In one embodiment of the wing tip device 10, the tip tail element 58 is movable and the actuator element 64 may comprise a linear actuator 104 (see FIGS. 7 and 9) that rotates about the hinge element 62. The combination of the linear actuator 104 and pivot element 90 or bell crank is preferable with wing tip devices of the disclosure having a single spar 86 design (see FIG. 9). In addition, the movable and rotatable tip tail element 58 is preferred in situations where the wing 20 may be in a stall condition caused by large wind gust loads. Preferably, one or more embodiments of the wing tip device 10 of the disclosure can be implemented to operate on a stalled wing.

In another embodiment of a wing tip device 10, as shown in FIG. 11, the tip tail element 58 is movable and a rotary actuator 126 is used instead of a linear actuator 104. FIG. 11 is an illustration of an enlarged bottom perspective view of another embodiment of the right side wing tip device 10 of the disclosure where the actuator element 64 comprises rotary actuator 126. The rotary actuator 126 has an outer portion 127 that is attached to the bulkhead 84 b, or alternatively, to the interior of the boom element 60. The rotary actuator 126 has an inner portion 128 that rotates with a rotary motor or gearbox (not shown) and is attached to the spar 86. The rotary actuator 126 may be positioned between the bearing elements 88 a, 88 b comprising the hinge element 62 to rotate the tip tail element 58. The actuator element of the wing tip device may further comprise other suitable known actuator elements.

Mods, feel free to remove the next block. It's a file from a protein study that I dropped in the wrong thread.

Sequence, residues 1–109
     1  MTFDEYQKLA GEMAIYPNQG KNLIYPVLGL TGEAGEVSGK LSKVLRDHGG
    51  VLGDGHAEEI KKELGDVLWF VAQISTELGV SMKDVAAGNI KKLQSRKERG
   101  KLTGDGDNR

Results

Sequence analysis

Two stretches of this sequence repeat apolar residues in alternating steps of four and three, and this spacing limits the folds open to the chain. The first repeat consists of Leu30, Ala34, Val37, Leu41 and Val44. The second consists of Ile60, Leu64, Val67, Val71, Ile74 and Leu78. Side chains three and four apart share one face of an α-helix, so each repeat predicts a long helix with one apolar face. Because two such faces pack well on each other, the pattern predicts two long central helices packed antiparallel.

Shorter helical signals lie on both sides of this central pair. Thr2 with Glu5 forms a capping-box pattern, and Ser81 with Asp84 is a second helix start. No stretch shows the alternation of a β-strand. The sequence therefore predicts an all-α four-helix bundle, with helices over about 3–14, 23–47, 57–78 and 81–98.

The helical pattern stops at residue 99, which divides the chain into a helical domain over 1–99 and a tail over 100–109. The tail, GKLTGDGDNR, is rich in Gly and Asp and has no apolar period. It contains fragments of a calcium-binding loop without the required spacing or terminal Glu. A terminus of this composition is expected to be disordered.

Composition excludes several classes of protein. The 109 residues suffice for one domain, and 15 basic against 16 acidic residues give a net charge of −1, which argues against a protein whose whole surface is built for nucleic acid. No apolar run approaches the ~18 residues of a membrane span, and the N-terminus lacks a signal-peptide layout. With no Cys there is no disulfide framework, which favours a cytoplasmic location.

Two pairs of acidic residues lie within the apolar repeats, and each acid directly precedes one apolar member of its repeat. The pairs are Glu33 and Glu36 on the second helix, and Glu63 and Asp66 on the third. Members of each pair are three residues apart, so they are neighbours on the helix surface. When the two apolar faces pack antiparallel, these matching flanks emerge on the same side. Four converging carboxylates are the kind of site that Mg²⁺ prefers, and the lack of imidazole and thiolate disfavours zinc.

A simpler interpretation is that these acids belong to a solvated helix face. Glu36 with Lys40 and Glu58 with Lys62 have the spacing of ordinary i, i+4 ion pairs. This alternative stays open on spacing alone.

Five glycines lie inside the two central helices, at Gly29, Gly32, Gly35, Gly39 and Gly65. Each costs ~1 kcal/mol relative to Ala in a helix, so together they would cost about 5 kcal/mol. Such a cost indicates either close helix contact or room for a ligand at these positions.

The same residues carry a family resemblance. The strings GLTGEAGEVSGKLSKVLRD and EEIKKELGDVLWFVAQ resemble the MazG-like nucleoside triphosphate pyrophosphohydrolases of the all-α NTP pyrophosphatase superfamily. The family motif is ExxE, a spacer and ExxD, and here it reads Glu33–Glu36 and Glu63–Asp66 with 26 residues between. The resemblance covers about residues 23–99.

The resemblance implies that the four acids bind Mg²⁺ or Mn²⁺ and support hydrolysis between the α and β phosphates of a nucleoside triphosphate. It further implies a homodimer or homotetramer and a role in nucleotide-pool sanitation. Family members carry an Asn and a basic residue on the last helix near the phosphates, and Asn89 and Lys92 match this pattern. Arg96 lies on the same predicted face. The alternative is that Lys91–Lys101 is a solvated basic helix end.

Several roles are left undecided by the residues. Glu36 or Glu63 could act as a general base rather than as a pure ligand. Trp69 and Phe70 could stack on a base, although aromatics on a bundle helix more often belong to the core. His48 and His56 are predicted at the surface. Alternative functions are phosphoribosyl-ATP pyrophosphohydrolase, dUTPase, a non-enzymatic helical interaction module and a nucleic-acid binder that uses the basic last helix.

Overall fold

In one embodiment, as shown in FIG. 9, the wing tip device 10 may have a single spar 86 design. In another embodiment, as shown in FIG. 10, a wing tip device 110 may have a multiple spar design. FIG. 10 is an illustration of an enlarged bottom perspective view of another embodiment of a right side wing tip device 110 of the disclosure with a multiple spar design. The wing tip device 110 may have a front spar 112, a middle spar 114, and a rear spar 116, all attached at respective inboard ends 118 to a root rib 120. The front spar 112, the middle spar 114, and the rear spar 116 extend within the tip tail element 58 and attach to the root rib 120 on the tip tail element 58 side of the root rib 120. A stub shaft 122 extends through the boom element 60 and an end 124 of the stub shaft 122 may be attached to the root rib 120 on the boom element 60 side of the root rib 120. The stub shaft 122 passes between the bearing elements 88 a, 88 b and the pivot element 90 or bell crank. The multiple spar design may include actuator element 64 and bulkheads 84 a, 84 b.

FIG. 12 is an illustration of another embodiment of a wing tip device 130 having a passive load alleviation design for passive reduction of wing loads and wing bending moments on a wing of an air vehicle, where the air vehicle preferably has a flight control system and a power system. The wing tip device 130 may be preferably attached to the wing tip 22 of the wing 20 in the same or similar location as the wing tip device 10 in FIG. 1. In this embodiment, the tip tail element 58 similarly extends outboard and aft of the wing tip of the air vehicle. However, in this embodiment, the tip tail element 58 is rigidly attached to the boom element 60 and is non-movable. The boom element 60 attaches the rigidly attached tip tail element 58 to the wing tip 22. The wing tip device 130 has no hinge element and no actuator element. The tip tail element 58 may have multiple spars including a front spar 132, middle spar 134, and a rear spar 136, all attached at respective inboard ends 138 to respective bulkheads 140 a, 140 b, and 140 c. Even without the use of active control with the actuated wing tip device 10 discussed above, there can still be passive load alleviation. This is a result of the tip tail element 58 trailing the wing tip 22 (attached to the boom element 60 aft of the wing tip 22), causing the wing to twist nose-down when the tip tail element 58 is loaded, and unloading or reducing wing loading at an amount greater than an increased tip tail element load, resulting in a passive reduction (no active control) in the wing loads and wing bending moments on the wing and thus resulting in a passive load alleviation wing tip device.